Canadian provinces have been on a workforce hunt to address their worker’s shortage problem. In a Labour Force survey reports of October 2019, the main beneficiary in the immigration program was the British Columbia and Newfoundland provinces, which recorded significant gains.
Statistics indicated that between October 2018 to October 2019, Canada introduced 443,000 new jobs. During this duration of 12 months, there were significant gains in full-time work.
There was an overall drop in employment in the month of October 2019, as the survey recorded the country had shed 1,800 net jobs. On a national scale, the unemployment rate stood at a staggering 5.5 per cent.
According to statistical specialists, this drop in October was as a result of employment influx recorded in the month of August and September, 2019.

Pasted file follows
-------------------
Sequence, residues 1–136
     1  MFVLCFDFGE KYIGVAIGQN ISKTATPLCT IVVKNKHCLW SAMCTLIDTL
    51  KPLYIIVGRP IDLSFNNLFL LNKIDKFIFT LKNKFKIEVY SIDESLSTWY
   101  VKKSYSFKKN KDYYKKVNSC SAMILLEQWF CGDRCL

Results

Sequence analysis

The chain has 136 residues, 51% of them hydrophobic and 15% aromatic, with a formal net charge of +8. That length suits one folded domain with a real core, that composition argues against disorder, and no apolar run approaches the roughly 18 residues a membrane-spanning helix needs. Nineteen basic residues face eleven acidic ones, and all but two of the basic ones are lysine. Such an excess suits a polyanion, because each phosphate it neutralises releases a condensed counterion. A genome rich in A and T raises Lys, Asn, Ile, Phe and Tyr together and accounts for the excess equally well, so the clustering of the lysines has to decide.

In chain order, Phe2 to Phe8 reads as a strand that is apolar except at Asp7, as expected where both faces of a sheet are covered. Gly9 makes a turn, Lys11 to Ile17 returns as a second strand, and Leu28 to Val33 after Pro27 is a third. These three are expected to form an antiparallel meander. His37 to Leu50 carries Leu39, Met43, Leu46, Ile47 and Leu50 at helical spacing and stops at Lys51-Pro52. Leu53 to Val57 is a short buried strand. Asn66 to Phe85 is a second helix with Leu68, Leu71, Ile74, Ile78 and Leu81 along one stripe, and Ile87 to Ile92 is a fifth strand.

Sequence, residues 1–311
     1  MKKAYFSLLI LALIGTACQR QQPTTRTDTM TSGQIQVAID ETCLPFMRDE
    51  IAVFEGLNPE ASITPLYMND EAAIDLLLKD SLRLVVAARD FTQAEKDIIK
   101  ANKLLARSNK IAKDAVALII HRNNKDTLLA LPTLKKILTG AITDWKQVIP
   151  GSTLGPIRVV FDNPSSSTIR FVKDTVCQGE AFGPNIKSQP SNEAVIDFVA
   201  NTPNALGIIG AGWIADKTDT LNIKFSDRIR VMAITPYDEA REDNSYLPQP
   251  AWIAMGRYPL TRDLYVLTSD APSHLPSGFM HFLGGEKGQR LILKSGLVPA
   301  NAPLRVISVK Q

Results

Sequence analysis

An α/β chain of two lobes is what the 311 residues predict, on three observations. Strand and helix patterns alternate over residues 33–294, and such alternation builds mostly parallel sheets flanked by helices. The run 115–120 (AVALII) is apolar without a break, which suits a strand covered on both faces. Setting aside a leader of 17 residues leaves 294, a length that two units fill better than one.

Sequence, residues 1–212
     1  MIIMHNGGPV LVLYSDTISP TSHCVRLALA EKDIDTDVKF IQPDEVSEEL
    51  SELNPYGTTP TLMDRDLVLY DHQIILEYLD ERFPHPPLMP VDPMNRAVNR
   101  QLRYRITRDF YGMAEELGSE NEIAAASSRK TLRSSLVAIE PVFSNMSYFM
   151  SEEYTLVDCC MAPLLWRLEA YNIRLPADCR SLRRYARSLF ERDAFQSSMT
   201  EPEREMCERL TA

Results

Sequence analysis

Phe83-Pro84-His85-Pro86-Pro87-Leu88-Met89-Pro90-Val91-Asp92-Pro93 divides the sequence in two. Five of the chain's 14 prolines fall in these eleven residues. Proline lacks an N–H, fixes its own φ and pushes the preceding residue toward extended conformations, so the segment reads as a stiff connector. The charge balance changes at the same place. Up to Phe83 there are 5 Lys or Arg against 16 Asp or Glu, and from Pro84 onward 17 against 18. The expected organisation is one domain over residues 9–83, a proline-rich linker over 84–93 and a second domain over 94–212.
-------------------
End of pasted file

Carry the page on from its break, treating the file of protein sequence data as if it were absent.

Statistics of British Columbia and Newfoundland post-Employment Gains
As mentioned earlier, British Columbia and Newfoundland topped the list of provinces with employment gains with a net of 15,000 net jobs in the month of October. This increase was as a result of gains driven by full-time work for people aged 55 years and over.
The two provinces unemployment rate was stable and remained at 4.7 per cent, which was the lowest among all the other Canadian provinces.
In a statement released by Newfoundland and Labrador, there was a gain of 2,700 net jobs in the month of October 2019 and was primarily due to part-time jobs among the residents of core working ages of 24-54 years.
In other Canadian provinces, both the employment and unemployment rates remained constant and their average remained unchanged from September’s statistic.